Wearables may be more than aesthetic additions after all, according to a recent Heart Study by Apple.
Researchers from Stanford Medicine have published preliminary findings from their Apple Heart Study which involved over 400,000 participants. The researchers found that wearable technology such as the Apple Watch can be used to safely identify people who have an irregular heart rhythm which gives them time to seek medical help.
Discussing the study, Jeff Williams, Apple’s COO, said:
“We are proud to work with Stanford Medicine as they conduct this important research and look forward to learning more about the impact of Apple Watch alongside the medical community. We hope consumers will continue to gain useful and actionable information about their heart health through Apple Watch.”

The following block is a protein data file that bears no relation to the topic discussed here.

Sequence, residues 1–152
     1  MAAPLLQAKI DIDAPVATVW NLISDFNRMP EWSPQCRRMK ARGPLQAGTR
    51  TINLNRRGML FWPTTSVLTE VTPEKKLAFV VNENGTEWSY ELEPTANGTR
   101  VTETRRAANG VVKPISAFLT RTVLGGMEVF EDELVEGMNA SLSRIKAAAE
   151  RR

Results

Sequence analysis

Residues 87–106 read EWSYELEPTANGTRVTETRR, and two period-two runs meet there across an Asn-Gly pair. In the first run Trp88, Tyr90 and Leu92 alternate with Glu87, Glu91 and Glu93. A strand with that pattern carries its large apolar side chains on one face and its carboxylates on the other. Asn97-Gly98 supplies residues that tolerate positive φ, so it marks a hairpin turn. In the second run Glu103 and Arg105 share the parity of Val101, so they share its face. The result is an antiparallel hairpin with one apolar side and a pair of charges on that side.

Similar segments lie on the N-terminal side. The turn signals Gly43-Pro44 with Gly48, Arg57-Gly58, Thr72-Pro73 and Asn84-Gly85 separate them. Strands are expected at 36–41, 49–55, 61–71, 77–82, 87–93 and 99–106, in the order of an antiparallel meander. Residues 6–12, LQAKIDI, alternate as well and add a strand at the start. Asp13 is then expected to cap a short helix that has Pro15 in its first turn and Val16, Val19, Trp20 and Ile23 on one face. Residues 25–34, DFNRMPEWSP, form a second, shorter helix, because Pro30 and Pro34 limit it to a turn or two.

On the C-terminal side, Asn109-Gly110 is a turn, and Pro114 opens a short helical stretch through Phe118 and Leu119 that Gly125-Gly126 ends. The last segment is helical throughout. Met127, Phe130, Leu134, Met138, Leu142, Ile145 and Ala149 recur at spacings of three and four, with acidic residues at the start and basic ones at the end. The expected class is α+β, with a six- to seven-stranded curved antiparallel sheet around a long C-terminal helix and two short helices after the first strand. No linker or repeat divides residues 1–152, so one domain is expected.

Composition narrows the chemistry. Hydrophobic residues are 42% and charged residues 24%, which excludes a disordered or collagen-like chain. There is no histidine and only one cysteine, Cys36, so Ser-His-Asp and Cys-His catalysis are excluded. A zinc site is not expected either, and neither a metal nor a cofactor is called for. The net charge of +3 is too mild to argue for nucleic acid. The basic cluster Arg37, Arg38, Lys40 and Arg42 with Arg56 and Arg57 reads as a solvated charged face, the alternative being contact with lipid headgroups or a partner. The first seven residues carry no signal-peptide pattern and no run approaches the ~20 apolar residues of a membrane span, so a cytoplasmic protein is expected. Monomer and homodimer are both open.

Describing the key findings from the study, Stanford Medicine said that 0.5% (around 2,000 participants) of all those involved with the study received a notification that they had irregular heart rhythms.
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While Apple Watch didn’t get it right all of the time, the researchers found that 84% of those who got a notification were found to be in atrial fibrillation at the time of the notification; this means that notifications from Apple Watch are a strong indicator of a problem. As a result of the detections, 57% of those who were notified decided to follow up with medical attention to get the problem looked into further.
While the study had a huge amount of participants it should be noted that the Apple Heart Study was funded by Apple. While this shouldn’t nullify the findings, more research into whether wearables are effective for detecting atrial fibrillation is needed.